I spent yesterday at an academic conference on narrative and storytelling in organisations. Just before the lunch break, Carol, one of my colleagues from UWE, asked me what I was working on. I’m always amazed when people know what I work on or have read anything that I have written, but we had a conversation about the Body Shop quilt and through the photo album app on my phone which still astounds me, I showed her photos of the monster. I told her that I had now moved on to Laura Ashley. As we talked I told her about how the Body Shop quilt was somehow the epitome of my quilting. I have used just about every technique I know, I have made a monster of a seven foot by seven foot quilt, which is really heavy because of using so many beads and embellishments, and which is made of silk because I really wanted to make something special with very choice fabrics. After finishing this giant, which took me a highly significant nine months, I haven’t really done anything which has surprised or delighted me. Or anything much at all, really. I have made very small pieces, but nothing like my big, extended wall pieces such as my Starbucks quilt, or Elvis quilt or Marks and Spencer quilts. I really felt when I had finished it that it was my life’s work. I have said everything I want to say in quilting. There doesn’t seem much point in making another large and sustained piece. It is like I have used ‘it’ all up and need to recharge my batteries.
But after talking to Carole, I suddenly realised that I have had a kind of pendulum swing. My current project is everything the Body Shop quilt isn’t. It’s absolutely back to the beginning for me. If the Body Shop represents every sophisticated technique I know and every bit of experience and exuberance I have, the Body Shop piece is simple, hand-sewn, basic. It represents where I started with my mother, not where I am now aa a grown woman. It is cotton not silk. It is done over papers. It has simple, pastel, almost washed out colours, whereas the Body Shop piece is saturated with crimson and pine and ochre. And preparing the patches over paper is incredibly soothing as opposed to the exhilaration (when it is going really well) of machine stitching. The Body Shop quilt is about me and Anita (Roddick); it is a solo endeavour; it is a private and personal obsession. The Laura Ashley quilt will, I hope be collaborative with many hands making it, as many people have already contributed fabric. It is plain rather than fancy sewing.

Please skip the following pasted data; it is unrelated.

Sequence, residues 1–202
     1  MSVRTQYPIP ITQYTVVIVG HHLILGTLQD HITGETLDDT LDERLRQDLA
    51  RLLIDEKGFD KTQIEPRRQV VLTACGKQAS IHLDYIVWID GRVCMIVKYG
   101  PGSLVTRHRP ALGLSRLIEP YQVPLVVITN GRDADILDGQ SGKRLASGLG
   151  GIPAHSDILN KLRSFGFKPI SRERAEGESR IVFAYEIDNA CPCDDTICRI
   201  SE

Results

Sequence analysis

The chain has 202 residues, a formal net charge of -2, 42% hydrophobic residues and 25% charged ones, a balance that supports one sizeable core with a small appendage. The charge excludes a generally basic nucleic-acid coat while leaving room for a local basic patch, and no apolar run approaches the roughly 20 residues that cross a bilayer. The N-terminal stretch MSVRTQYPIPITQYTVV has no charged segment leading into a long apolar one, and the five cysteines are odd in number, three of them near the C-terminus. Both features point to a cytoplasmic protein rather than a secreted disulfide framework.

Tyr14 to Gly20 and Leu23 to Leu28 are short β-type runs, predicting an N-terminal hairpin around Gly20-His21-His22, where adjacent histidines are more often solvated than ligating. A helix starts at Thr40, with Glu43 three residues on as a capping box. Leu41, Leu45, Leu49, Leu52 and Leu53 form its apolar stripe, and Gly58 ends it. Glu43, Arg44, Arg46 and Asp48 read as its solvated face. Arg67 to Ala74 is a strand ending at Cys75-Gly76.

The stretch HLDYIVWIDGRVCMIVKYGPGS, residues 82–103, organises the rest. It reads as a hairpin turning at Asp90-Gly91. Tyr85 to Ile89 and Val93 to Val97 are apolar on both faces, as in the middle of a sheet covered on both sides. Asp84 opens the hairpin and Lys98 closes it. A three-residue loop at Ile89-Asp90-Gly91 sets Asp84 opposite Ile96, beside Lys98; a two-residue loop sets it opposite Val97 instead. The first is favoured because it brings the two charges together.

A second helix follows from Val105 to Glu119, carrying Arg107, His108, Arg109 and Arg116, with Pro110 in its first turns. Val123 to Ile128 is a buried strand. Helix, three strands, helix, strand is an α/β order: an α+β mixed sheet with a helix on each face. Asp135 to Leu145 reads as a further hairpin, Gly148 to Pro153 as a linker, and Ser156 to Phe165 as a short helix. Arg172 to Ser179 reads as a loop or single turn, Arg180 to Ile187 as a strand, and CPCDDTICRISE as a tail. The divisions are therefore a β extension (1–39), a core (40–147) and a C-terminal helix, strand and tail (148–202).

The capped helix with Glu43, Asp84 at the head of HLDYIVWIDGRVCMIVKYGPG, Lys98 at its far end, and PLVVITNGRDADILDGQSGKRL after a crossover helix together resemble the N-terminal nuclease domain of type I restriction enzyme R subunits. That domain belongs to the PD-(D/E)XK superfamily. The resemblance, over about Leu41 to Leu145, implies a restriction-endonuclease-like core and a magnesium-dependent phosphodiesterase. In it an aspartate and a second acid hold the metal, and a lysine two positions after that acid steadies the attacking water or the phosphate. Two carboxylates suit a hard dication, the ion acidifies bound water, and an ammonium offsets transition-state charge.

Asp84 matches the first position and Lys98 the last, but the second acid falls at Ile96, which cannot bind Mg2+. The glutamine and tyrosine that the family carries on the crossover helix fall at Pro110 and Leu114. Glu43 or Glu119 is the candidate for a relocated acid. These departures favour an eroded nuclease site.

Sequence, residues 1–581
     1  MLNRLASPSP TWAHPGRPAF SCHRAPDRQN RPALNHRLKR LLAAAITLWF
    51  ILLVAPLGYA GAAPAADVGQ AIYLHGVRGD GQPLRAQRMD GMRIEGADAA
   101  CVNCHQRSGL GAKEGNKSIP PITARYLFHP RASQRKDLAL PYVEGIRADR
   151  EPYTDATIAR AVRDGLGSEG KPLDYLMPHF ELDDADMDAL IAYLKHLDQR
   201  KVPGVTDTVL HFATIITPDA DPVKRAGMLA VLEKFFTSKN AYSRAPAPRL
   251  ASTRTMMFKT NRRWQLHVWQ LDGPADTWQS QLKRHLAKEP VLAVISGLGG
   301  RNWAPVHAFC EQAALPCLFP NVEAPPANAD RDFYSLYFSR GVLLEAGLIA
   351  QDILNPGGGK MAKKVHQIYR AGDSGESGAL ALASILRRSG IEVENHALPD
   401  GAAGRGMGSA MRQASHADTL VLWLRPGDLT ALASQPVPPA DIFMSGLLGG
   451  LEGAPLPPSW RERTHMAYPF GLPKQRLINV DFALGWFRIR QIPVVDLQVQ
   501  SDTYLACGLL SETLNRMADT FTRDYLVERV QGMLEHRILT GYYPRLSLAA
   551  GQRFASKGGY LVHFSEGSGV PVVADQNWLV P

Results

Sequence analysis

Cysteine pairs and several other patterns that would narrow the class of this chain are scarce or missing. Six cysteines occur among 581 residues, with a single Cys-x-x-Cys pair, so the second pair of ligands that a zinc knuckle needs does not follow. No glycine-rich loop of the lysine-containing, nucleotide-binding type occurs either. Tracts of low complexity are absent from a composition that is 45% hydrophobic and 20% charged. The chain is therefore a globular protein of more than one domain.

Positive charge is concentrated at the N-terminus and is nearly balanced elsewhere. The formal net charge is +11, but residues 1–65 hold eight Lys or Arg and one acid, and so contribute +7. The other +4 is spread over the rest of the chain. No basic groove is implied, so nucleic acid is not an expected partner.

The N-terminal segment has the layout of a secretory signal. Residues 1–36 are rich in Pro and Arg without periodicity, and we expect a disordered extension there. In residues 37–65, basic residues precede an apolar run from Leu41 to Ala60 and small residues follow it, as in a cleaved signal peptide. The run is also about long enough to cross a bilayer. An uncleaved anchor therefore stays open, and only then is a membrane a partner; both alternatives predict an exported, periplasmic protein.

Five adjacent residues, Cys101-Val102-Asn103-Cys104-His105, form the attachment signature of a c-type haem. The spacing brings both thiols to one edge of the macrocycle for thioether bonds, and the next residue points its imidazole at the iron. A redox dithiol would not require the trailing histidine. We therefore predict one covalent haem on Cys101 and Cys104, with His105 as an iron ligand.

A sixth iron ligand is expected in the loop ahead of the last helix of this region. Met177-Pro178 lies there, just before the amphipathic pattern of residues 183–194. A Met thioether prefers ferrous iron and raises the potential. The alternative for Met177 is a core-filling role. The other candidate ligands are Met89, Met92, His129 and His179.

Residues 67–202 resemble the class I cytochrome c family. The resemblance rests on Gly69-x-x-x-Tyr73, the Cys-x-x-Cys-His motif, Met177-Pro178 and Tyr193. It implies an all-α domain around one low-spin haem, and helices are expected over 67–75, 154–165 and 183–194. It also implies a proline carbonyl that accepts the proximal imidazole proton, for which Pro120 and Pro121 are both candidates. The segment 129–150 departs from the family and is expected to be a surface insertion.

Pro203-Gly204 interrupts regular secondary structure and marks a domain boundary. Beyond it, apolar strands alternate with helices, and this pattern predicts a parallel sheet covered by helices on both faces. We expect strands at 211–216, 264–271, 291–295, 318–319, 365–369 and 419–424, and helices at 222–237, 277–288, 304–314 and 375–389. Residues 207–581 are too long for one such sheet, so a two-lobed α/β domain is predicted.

I wonder how this has come about. It wasn’t a conscious decision to detox, but that seems to be what is happening. The human brain is an extraordinary thing. Mine seems to have decided to have a rest, take stock, touch base, revist the basics of the craft. And try as I might, I can’t get one over on it. When the time is right I will make something else big and glittery, but just at the moment, it is time to enjoy the rhythms of handsewing while watching old films on television, and the repetition of handcutting endless papers and pieces. It is some sort of balm for the mind, the soul and the hands.
This probably all sounds very pretentious, but there is something about finishing a really large project, like handquilting a whole cloth or handstitching a Baltimore, which is satisfying but also a bit of an anti-climax. It seems to be part of some sort of normal cycle of creativity. We all need to recharge our batteries occasionally.